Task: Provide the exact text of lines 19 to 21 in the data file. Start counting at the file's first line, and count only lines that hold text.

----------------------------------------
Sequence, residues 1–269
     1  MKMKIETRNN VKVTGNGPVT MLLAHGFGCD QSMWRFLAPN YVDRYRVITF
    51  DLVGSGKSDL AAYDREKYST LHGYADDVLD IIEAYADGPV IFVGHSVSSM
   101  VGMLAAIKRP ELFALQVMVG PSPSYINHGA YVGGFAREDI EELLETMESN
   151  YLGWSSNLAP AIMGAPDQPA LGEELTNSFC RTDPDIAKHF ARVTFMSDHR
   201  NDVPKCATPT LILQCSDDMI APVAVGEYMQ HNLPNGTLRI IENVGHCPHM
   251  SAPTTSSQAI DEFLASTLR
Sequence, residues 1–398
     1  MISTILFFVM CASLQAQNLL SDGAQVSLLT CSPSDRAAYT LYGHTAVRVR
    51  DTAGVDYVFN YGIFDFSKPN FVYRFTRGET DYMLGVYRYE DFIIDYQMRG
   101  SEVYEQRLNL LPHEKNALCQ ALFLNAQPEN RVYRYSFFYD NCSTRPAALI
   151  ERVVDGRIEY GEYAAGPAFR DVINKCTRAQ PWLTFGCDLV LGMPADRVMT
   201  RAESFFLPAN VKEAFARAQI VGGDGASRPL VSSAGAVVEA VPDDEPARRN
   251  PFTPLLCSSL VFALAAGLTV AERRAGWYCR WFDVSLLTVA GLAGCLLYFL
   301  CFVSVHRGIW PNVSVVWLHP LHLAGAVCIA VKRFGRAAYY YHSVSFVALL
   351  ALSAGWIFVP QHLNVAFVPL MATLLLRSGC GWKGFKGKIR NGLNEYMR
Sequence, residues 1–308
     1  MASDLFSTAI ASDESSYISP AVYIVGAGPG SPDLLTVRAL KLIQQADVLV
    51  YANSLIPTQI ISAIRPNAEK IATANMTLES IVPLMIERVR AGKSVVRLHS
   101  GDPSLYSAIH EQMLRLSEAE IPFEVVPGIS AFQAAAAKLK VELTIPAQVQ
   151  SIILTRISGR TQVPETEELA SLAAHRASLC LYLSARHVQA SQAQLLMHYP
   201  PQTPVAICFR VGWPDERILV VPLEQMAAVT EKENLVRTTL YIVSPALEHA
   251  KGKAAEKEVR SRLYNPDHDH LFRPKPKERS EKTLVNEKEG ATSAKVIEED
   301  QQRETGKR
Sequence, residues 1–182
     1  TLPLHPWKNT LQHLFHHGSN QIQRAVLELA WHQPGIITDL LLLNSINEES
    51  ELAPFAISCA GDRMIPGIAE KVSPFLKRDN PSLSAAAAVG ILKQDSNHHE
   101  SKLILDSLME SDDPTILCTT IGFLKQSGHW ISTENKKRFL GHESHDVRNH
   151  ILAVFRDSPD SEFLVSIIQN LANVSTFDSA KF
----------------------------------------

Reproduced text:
    51  YANSLIPTQI ISAIRPNAEK IATANMTLES IVPLMIERVR AGKSVVRLHS
   101  GDPSLYSAIH EQMLRLSEAE IPFEVVPGIS AFQAAAAKLK VELTIPAQVQ
   151  SIILTRISGR TQVPETEELA SLAAHRASLC LYLSARHVQA SQAQLLMHYP